The sea anemone, an animal that hides its complexity well

Press release

Despite its apparent simplicity – a tube-like body topped with tentacles –, the sea anemone is actually a highly complex creature. Scientists from the Institut Pasteur, in collaboration with the CNRS and the Weizmann Institute of Science, have just discovered over a hundred different cell types in this small marine invertebrate as well as incredible neuronal diversity. This surprising complexity was revealed when the researchers built a real cell atlas of the animal. Their findings, which will add to discussions on how cells have diversified and developed into organs during evolution, have been published in the journal Cell.

The sea anemone Nematostella vectensis provides a perfect model for researchers – apart from its stinging tentacles perhaps. It is a small marine invertebrate that is easy to keep in the laboratory and whose genome is simple enough to study its workings and close enough to that of humans for conclusions to be drawn. "When the sea anemone genome was sequenced in 2007, scientists discovered that it was very similar to the human genome, both in terms of the number of genes (roughly 20,000) and its organization, explains Heather Marlow, a specialist in developmental biology in the (Epi)genomics of Animal Development Unit at the Institut Pasteur and the main author of this study. These similarities make the sea anemone an ideal model for studying the animal genome and understanding interactions existing between genes". It also has another advantage – its strategic position in the tree of life. The cnidaria branch that anemones belong to separated from the bilateria[1] branch, in other words from most other animals, including humans, over 600 million years ago. "The anemone can therefore also help us to understand the origin and evolution of the multiple cell types making up the bodies and organs of animals, and particularly their nervous systems", sums up Heather Marlow.

To try and understand a little more about sea anemones – and consequently about the whole animal kingdom –, Heather Marlow's team decided to examine this cnidarian, cell by cell. Thanks to an innovative technique, the animal's tiny cells – that measure no more than 1 micron in diameter – were isolated one by one, and their RNA analyzed. As although chromosomal DNA contains all genes, RNA shows those that are active. "The development of genome approaches at single-cell level can be used to accurately list the different cell types and also identify the genes responsible for the function of each of these cells", explains Heather Marlow. In total, and unexpectedly, over a hundred different cell types were identified, grouped into eight main cell families (muscle, digestive, neuronal, epidermal, etc.). And one of the greatest surprises of this research concerns the nervous system. Close to thirty different types of neurons – peptidergic, glutamatergic or even insulinergic – were identified, revealing a relatively complex nervous and sensory system.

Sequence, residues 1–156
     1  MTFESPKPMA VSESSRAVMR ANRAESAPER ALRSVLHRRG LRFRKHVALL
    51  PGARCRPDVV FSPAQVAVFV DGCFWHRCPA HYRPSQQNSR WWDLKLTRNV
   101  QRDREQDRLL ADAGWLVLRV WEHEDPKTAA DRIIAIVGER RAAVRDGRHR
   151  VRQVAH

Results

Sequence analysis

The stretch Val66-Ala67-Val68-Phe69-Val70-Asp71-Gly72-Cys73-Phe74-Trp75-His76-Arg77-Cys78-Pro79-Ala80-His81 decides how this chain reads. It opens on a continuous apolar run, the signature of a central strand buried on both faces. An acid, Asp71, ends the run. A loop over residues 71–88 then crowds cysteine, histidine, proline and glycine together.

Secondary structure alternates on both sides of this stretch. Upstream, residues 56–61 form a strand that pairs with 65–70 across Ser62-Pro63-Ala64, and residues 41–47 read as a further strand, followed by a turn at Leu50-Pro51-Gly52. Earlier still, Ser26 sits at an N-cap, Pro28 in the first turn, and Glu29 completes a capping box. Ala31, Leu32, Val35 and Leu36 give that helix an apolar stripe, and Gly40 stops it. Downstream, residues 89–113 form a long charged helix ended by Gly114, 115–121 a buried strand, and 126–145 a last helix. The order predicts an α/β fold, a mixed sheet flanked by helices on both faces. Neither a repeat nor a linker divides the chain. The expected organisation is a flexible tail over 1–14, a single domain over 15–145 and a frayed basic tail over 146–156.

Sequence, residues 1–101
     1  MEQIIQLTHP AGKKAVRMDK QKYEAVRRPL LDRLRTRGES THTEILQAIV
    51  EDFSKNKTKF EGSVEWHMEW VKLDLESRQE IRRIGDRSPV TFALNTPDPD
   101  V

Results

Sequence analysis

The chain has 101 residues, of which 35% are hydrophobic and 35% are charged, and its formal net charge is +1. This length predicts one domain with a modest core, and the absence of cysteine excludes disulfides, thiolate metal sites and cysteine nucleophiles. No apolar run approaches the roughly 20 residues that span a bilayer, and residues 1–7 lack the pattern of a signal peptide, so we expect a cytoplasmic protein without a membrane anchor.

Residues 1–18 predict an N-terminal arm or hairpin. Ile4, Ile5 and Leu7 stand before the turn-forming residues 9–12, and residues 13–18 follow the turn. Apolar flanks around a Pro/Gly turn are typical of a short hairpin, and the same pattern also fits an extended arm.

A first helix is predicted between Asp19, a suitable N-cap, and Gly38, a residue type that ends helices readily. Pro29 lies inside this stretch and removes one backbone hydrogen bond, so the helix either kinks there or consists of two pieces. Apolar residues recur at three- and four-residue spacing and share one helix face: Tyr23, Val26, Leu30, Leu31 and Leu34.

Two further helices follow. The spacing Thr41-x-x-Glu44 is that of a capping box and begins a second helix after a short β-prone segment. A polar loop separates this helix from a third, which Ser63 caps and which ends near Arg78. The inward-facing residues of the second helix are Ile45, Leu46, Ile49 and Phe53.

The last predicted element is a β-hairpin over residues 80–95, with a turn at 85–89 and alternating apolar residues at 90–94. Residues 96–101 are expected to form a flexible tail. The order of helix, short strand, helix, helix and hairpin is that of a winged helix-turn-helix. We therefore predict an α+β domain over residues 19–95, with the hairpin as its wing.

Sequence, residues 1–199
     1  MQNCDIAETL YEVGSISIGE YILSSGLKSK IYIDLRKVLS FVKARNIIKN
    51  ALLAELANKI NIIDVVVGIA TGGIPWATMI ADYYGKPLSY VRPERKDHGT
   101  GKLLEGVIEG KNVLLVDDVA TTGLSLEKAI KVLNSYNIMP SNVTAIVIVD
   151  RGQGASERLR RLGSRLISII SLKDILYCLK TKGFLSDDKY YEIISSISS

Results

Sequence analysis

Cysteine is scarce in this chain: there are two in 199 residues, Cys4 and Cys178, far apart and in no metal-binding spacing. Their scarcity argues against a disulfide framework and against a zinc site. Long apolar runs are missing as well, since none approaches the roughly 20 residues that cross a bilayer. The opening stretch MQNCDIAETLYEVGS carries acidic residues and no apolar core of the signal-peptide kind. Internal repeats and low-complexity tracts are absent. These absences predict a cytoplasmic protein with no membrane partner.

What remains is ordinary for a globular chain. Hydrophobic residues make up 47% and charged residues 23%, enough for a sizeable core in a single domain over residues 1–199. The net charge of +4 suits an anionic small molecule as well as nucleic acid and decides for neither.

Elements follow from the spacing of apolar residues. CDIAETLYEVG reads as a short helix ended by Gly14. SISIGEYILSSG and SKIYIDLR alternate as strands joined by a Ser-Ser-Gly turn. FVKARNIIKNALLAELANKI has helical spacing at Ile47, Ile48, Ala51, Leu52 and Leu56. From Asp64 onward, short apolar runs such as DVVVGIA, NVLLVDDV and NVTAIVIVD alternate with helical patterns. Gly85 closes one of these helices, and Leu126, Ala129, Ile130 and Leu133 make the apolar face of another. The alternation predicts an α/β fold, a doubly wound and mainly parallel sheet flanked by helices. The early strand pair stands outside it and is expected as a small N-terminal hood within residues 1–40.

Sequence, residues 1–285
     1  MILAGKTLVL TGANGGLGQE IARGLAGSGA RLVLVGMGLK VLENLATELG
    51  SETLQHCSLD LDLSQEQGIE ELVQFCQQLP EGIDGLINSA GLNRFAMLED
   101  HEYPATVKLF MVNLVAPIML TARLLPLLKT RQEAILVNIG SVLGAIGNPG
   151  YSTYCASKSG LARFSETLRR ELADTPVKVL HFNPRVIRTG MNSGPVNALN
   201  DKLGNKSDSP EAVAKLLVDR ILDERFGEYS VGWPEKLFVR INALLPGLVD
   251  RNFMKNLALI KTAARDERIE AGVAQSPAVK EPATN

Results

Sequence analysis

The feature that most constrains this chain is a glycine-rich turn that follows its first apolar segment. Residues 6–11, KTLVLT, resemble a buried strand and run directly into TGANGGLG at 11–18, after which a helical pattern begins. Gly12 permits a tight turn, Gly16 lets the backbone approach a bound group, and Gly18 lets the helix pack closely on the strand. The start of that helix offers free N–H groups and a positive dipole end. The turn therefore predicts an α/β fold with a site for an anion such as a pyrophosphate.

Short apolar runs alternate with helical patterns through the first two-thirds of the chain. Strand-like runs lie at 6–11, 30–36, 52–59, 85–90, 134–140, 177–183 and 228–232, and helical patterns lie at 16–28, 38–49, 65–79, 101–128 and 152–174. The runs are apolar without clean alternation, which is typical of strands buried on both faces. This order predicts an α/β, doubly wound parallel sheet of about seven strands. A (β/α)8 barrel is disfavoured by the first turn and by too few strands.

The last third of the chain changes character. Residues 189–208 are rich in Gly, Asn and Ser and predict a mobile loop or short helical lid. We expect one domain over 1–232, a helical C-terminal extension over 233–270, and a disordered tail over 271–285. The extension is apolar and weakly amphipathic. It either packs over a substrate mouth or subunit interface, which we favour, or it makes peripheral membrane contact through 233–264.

This research should therefore help evolution specialists to establish the common ancestor of cnidaria (anemones) on the one hand and bilateria (humans) on the other. Undoubtedly this ancestor already had some level of cell complexity. In addition, even though the sea anemone appears to be very different from us, it reveals the fundamental rules that today enable its cells, and our own, to perform so many different functions. "The cell is the basic element making up living beings". By defining how the information coded by the genome determines the identity of each cell, we hope to uncover the mechanisms conserved by all animals that are essential for their development and homeostasis[2]", concludes Heather Marlow.

L’anémone de mer, un animal qui cache bien sa complexité

(right): a sea anemone, Nematostella vectensis. (center) Living (green) and dead (red) cells isolated after dissociation. (left) N. vectensis neurons revealed by the specific expression of a transgenic marker. © Institut Pasteur


[1] Organism with left-right symmetry.

[2] Ability of a system to maintain a stable internal environment.



Cnidarian Cell Type Diversity and Regulation Revealed by Whole-Organism Single-Cell RNA-Seq, Cell, May 31, 2018

Arnau Sebé-Pedros (1), Baptiste Saudemont (2,3), Elad Chomsky (1), Flora Plessier (2,3,4), Marie-Pierre Mailhé (2,3), Justine Renno (2,3), Yann Loe-Mie (2,3), Aviezer Lifshitz (1), Zohar Mukamel (1), Sandrine Schmutz (5), Sophie Novault (5), Patrick R.H. Steinmetz (6), François Spitz (2,3), Amos Tanay (1,7,*) and Heather Marlow (2,3,*)

(1) Department of Computer Science and Applied Mathematics and Department of Biological Regulation, Weizmann Institute of Science, 76100 Rehovot, Israel

(2) (Epi)genomics of Animal Development Unit, Department of Developmental and Stem Cell Biology, Institut Pasteur, 75015 Paris, France

(3) CNRS, UMR3738, 25 Rue du Dr Roux, 75015 Paris, France

(4) Département de Biologie, Ecole Normale Supérieure de Lyon, 46 Allée d’Italie, 69364 Lyon Cedex 07, France

(5) Cytometry & Biomarkers UtechS, Cytometry Platform, Institut Pasteur, 75015 Paris, France

(6) Sars International Centre for Marine Molecular Biology, University of Bergen, Thormøhlensgate 55, Bergen 5006, Norway

(7) Main author

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